This weeks Glee episode has Finn spot Jesus in his grilled cheese sandwich, which he then prays to so he can 1) win a football game, 2) touch Rachel's boobs and 3) get his quarterback slot back. When they all come true he suddenly gets religion.

I won't run down the whole show, but that and other plot elements combine to setup a big church-state separation flap and Kurt outing himself as an atheist and battling his friends praying over his sick father.

Most reviews & stories about the episode go on and on about the issue of gay bullying and how timely it was with the three recent suicides in the news related to this issue. I've only seen seen one review that mentions the church-state issue or Kurt's atheism (Michael Stone/Examiner). Not even any stories or blogs on the relatively gay friendly and liberal HuffPo. When I watched it, the atheism issue seemed to be the major up front theme. The episode was certainly taped quite a while back and not in response to bullying.

What do y'all think? Are all the reviewers etc just sticking their head in the sand on a too hot to touch issue with atheism, sticking their fingers in their ears saying la-la-la-la-la? Or is the topic of atheism just so 'no big deal' to the watchers of Glee that it didn't even register with them? Oh yeah, remember that this show airs on the Fox Broadcasting Company.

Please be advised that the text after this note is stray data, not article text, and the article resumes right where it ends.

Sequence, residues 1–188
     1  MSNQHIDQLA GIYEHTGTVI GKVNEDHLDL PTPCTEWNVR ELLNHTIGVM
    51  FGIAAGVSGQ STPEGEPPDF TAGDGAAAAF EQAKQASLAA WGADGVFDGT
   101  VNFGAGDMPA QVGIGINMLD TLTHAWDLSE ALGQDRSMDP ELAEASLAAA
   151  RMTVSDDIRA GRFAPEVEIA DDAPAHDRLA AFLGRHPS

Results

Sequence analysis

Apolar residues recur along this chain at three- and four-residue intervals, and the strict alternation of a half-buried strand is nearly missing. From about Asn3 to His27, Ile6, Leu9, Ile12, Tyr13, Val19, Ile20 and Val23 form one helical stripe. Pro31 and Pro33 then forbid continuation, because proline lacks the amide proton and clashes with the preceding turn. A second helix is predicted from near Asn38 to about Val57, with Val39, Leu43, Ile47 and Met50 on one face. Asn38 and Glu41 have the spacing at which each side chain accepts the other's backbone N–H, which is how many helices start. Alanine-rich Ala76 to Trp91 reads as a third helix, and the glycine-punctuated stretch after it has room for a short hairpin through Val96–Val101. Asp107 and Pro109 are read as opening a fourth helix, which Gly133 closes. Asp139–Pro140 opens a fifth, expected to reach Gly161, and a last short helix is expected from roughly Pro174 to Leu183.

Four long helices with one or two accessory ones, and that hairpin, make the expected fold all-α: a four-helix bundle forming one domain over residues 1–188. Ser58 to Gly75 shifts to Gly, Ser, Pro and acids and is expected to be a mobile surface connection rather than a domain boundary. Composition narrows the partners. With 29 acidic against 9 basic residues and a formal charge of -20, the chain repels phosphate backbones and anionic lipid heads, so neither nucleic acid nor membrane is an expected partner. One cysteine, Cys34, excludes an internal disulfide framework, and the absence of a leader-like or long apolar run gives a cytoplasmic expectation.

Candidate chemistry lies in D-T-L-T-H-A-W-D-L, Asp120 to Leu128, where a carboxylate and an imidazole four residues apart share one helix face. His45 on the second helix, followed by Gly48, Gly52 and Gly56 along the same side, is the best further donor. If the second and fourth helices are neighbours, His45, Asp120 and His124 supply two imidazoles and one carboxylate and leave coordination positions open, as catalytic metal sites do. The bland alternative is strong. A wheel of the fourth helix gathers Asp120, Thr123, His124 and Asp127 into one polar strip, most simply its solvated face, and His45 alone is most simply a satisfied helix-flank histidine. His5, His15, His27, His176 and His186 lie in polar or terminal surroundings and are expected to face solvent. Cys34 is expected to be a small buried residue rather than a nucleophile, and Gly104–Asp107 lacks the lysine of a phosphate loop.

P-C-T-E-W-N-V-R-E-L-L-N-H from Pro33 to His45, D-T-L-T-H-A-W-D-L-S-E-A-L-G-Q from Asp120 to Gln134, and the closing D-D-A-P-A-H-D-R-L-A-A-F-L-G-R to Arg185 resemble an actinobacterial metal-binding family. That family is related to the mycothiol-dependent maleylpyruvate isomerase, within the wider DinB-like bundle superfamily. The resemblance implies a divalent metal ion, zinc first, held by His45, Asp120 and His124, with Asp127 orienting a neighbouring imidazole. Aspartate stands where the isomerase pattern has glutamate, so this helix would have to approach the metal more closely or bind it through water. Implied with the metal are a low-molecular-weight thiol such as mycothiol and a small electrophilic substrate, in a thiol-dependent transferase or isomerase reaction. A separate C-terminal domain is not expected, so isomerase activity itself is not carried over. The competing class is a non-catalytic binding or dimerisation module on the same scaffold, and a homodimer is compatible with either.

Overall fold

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Replies to This Discussion

Right out of the religious playbook, yeah. Hit them when they're weakest.
but somebody should tell those Christians that the loving response to someone else's pain is not trying to convert him.

So true, but I thought the episode did a fabulous job of depicting the many layers of the issues Atheists take with Theists. Including that busting out the God when an Atheist is down is, to the Atheist, proselytizing, even though the Theist often doesn't intend it that way at all.

Spoiler alert, just in case.....




















It felt to me that's the point the show was trying to make both with Kurt lashing out at people gathered around his dad's bedside praying, and at the end when he accepts Mercedes' invitation to church on the promise of getting to wear a fabulous hat. That the unsolicited prayer circle does indeed irritate and come off to us as proselytizing, but with that end scene, Kurt accepts that the intention is to comfort, not to convert, and accepts the intent. Mercedes too seems to be saying the same thing. "I want to be your friend and comfort you and invite you to this place where other people you haven't even met would like to be your friend and comfort you."

Militant as the little Militant Atheist in me is, I didn't even think that ending scene was a shark-jump. It came really close, but I thought it ended pretty well for Atheists and Theists alike.

As to music, I cried both during Lea Michelle's "Papa" and Chris Colfer's "I Wanna Hold Your Hand." This whole episode needs an award category all its own!